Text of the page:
Vikings Chief Operating Officer Andrew Miller delivered the keynote speech at Monday’s meeting. Miller was named COO in August after four seasons with the Toronto Blue Jays. Miller was with the Cleveland Indians the previous 10 years and explained how that time shaped his leadership principles.
“Our goal was to win, but we wanted to do it in a way that we thought was right and that exuded a culture that was important to us,” Miller explained. “That was sort of a transformative time in my life as a leader. In sports, you understand that you can have a goal of winning at the highest level of sports and still care about character, values, culture and treating people the right way.”
Miller explained the difference in approach between pro baseball and football, being that there can be several years of age difference between teenage baseball prospects and NFL first-year players who have spent multiple years in college.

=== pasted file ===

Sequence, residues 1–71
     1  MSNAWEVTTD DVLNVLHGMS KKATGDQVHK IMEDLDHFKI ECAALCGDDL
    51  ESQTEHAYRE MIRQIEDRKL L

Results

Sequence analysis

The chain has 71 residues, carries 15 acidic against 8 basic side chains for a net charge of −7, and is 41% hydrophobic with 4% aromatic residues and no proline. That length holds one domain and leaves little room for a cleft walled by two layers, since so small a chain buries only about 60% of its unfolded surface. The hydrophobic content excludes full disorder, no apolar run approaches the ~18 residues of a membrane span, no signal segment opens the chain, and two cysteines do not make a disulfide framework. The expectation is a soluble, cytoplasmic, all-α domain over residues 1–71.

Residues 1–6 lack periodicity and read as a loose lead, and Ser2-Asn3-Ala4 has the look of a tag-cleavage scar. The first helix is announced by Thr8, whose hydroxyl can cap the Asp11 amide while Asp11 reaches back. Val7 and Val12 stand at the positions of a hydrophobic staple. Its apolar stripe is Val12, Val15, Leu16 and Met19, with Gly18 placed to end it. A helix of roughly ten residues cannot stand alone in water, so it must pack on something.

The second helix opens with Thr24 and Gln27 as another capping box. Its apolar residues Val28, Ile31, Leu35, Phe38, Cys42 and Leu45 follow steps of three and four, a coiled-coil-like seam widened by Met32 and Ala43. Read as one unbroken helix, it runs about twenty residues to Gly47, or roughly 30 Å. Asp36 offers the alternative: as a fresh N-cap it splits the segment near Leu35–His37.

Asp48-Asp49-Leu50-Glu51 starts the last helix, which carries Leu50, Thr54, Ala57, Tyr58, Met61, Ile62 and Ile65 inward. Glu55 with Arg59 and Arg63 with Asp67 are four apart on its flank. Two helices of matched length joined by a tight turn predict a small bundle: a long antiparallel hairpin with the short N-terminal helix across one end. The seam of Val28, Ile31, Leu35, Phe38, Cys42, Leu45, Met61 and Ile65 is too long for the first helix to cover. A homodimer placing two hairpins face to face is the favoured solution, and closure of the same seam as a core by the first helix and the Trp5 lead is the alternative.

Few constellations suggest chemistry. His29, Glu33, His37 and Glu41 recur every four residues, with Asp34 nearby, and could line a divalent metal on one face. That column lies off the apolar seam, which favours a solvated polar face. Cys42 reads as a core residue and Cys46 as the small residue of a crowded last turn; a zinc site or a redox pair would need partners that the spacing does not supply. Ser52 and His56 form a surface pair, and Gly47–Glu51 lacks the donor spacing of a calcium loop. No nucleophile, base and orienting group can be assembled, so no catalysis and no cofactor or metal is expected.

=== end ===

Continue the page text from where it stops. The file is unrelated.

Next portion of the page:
“Your goal is not necessarily to have a good 18-year-old player,” Miller said. “Your goal is to have a good 25-year-old player that’s going to help you win games at the Major League level. The whole goal is to help these young athletes transform and grow as people. We kept looking at that and, ‘How do we create an advantage?’ Everything kept coming back to education.”
Miller, who walked on the Cal baseball team as a left-handed pitcher, said that sports and education have intertwined throughout his life.
Winning a Super Bowl is the Vikings ultimate goal, he said, but the Vikings also have a purpose behind making positive impacts in the community through support of the high school and youth football.